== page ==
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VAT: The Tories’ favourite tax

There is growing speculation that both the Tories and Labour intend to increase VAT to 20% after the election.

Given our preference for higher taxation over brutal cuts (and ignoring, for the moment, that this whole debate is premature), a VAT rise appears to have much to commend it. VAT is relatively cheap to administer, difficult to evade, and is clearly more palatable to party leaders than some taxes.

But that doesn't make it fair. VAT is immensely regressive, hitting the poorest 10% hardest – as those at the bottom spend nearly all of their income. Along with other indirect taxes, VAT counteracts the progressive effect of direct taxes, as shown in David Byrne and Sally Ruane's study, and, more recently, by Richard Murphy.

So, future chancellor, do any of the following:

But don't increase VAT. In fact, leave it where it is, at 15%.

Let's also remember who increased VAT from 15% to 17.5% in the first place: that party of low taxes, the Conservatives, in 1991. And who increased it from 8% to 15% before that? The Tories, in 1979. That 1979 rise was particularly deceitful as it followed chancellor-to-be Geoffrey Howe's election promise that "we have absolutely no intention of doubling VAT". The Daily Mail listed the "double VAT" charge as one of "Labour’s dirty dozen lies" days before the election. The Ministry of Truth website lists Howe's promise as one of its "top 10 political porkies of our time".

In his memoirs, Howe described the broken promise as "part of the small change of election campaigning" – and opted for shameless pedantry over apology:

"We had no difficulty denying it. For there was no prospect, on even the most gloomy of expectations, of our having to go beyond a rate of 15 per cent.

"Some critics afterwards thought it pedantically misleading to rest our case on the fact that twice 8 per cent (the then basic rate) was 16 and not 15 per cent. They also overlooked the fact that some goods (about 6 per cent of the basket) were already taxed at 12.5 per cent: the weighted average impact of the existing dual rate was 8.5 per cent. So our denial was more than technically correct."

Howe later told Nicholas Timmins (whose account of the 1979 VAT hike in the Independent is well worth reading): "The intention was always to make a massive tax switch and I had argued that in every conference speech I had made. The only question was how far we should go."

It was indeed a massive tax switch: from progressive taxes targeted at the rich to regressive taxes penalising the poor. No wonder accountancy giants like PricewaterhouseCooopers share the Tories' fondness for VAT.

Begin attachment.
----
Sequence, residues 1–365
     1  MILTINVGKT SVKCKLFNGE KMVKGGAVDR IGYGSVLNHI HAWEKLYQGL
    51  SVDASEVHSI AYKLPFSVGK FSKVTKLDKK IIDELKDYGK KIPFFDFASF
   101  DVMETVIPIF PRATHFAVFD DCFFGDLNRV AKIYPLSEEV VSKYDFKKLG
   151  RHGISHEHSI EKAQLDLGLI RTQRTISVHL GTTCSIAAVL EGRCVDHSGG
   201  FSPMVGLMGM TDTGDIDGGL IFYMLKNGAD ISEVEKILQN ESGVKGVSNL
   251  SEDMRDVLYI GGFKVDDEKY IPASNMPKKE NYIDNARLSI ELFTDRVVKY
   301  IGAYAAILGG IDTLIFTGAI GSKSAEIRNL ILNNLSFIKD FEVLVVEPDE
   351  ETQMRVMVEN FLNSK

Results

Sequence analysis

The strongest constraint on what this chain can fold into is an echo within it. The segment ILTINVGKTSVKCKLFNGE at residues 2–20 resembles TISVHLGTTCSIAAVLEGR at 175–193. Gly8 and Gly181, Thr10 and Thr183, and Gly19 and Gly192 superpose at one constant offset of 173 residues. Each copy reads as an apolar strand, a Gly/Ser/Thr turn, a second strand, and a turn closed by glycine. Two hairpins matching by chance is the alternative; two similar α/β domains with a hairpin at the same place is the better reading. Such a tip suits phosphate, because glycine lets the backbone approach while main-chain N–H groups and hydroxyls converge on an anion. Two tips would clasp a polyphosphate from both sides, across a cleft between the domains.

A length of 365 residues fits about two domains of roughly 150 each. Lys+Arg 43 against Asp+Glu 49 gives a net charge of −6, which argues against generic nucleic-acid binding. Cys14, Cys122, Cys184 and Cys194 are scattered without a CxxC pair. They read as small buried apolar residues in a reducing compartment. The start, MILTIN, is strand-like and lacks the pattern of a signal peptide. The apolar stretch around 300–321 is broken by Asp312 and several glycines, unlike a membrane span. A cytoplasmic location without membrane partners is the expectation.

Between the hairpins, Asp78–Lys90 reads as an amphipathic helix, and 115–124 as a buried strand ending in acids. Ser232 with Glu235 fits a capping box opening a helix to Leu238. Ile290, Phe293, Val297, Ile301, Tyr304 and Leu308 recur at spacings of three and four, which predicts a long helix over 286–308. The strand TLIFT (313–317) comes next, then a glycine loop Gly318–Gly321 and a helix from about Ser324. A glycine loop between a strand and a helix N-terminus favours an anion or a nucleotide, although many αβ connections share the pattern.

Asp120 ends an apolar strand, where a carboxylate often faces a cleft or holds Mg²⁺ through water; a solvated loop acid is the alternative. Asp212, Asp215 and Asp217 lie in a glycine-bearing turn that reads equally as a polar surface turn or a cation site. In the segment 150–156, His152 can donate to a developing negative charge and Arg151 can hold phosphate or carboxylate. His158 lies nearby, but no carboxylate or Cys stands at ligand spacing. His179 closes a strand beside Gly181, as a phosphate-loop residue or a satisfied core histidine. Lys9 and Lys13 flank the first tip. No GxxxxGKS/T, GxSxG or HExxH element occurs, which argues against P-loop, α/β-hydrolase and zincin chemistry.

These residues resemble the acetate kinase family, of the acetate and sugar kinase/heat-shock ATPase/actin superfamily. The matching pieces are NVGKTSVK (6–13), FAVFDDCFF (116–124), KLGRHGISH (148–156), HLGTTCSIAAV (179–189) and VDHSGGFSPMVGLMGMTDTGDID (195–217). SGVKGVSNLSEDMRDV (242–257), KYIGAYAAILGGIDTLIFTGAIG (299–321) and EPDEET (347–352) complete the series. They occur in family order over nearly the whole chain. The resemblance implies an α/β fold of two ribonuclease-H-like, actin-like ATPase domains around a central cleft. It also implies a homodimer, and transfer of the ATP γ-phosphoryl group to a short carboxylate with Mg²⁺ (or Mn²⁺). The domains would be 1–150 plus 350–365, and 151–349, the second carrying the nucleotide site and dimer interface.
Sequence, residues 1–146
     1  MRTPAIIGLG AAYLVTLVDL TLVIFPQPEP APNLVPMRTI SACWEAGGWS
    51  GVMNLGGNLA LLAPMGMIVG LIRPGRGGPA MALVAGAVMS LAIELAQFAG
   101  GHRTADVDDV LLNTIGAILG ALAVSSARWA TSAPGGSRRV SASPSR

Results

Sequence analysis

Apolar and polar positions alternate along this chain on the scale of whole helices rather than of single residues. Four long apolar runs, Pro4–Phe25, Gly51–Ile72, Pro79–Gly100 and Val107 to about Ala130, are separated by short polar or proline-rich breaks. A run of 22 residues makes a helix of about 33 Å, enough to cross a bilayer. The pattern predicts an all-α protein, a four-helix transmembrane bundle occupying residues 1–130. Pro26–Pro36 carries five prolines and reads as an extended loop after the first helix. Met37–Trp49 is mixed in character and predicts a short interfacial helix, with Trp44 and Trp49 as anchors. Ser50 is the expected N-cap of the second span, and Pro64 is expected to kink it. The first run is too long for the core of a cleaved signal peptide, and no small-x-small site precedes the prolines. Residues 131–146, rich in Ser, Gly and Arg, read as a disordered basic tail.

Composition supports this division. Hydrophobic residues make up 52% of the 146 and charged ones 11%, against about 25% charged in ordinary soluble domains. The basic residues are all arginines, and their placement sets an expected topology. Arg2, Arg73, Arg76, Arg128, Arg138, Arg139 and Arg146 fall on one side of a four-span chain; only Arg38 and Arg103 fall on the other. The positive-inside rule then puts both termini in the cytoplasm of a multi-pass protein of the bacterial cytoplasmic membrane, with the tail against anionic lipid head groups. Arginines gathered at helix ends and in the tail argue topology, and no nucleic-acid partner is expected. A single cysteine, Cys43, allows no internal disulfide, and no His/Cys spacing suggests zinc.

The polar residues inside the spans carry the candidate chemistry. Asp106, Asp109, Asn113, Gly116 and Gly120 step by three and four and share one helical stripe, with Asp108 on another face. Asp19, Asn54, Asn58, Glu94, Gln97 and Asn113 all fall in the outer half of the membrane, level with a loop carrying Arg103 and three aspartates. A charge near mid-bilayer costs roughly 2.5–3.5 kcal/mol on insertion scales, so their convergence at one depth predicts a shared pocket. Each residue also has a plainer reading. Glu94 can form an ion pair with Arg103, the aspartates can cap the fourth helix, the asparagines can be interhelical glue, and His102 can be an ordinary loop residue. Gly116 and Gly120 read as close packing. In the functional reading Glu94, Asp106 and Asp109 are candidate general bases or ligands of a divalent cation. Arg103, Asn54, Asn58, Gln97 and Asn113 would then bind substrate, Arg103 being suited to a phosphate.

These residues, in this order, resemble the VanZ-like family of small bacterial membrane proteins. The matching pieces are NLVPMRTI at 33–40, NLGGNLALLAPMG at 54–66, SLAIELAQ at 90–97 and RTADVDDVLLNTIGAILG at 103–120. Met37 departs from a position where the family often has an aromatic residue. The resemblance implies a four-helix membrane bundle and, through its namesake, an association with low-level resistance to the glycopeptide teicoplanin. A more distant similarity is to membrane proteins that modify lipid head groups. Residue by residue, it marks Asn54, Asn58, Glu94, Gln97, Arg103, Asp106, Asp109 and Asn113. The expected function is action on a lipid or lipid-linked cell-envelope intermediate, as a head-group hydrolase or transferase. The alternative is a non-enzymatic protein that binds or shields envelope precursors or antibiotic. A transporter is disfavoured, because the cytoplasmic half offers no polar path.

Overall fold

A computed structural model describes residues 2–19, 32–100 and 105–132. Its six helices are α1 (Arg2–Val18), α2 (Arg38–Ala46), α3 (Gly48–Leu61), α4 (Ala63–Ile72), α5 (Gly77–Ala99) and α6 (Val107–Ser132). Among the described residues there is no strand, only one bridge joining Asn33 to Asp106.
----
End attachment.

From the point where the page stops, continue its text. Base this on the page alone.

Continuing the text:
Posted by Other TPA at 03:34pm on 22 October 2009
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Also worth reading:
http://www.liberalconspiracy.org/2009/04/22/vat-should-be-cut-even-further/

Posted by Other TPA at 10:46am on 23 October 2009

VAT cuts are ok for capital consumer goods, however keeping VAT where is is aint going to do that much for the economy

A cut on income tax, is desperately needed, rather than VAT. At a time of low liquidity we need people to save and inject liquidity back into the economy into profitable sectors rather than spend spend spend.

Posted by Thomas Byrne at 05:03pm on 23 October 2009

VAT levels are mandated by EU law. We cannot abolish VAT, only tinker with it a little.

As an aside, it’s really not clear whether it is regressive or not. ‘Necessities’ are exempted from VAT, as allowed under EU law, so if all you buy is food, clothes, heating, etc. you will probably pay no VAT.

Posted by mdc at 02:49am on 28 October 2009

Surely the VAT increase from 8% to 15% in 1979 was the result of EU legislation and nothing to do with the UK government? That was the point at which the EU imposed the VAT rate floor (which still exists today) of 15% throughout all member states.

Posted by Ken at 10:14pm on 31 October 2009

Ken, I don’t think even Geoffrey Howe pretends the VAT rise was forced upon him by the EU.

Posted by Other TPA at 05:36pm on 1 November 2009

VAT was also increased by the Tories to compensate the rich for the abolition of the Poll Tax, or as the Tories put it to make up the deficit.

Posted by Bill Edmunds at 05:53pm on 6 November 2009

Given the current fiscal deficit, I think VAT should be one of the taxes that rises. Countries like Denmark have much higher VAT and manage to be more equal than the UK. Plus, like it or not, we are over-consuming at the moment and VAT rises might help rebalance the economy more towards exports.

Land value tax or at the very least (for political realists) more council tax bands at the top end would help stop ordinary people viewing their houses as credit cards.

Posted by Steve at 12:13pm on 9 November 2009

“if all you buy is food, clothes, heating, etc. you will probably pay no VAT…”

There is VAT on clothes (except children’s) and heating (5% on gas and electricity). Some foods are also taxed (remember the Jaffa Cake cas?).

Posted by Roger Houghton at 12:46pm on 13 March 2010

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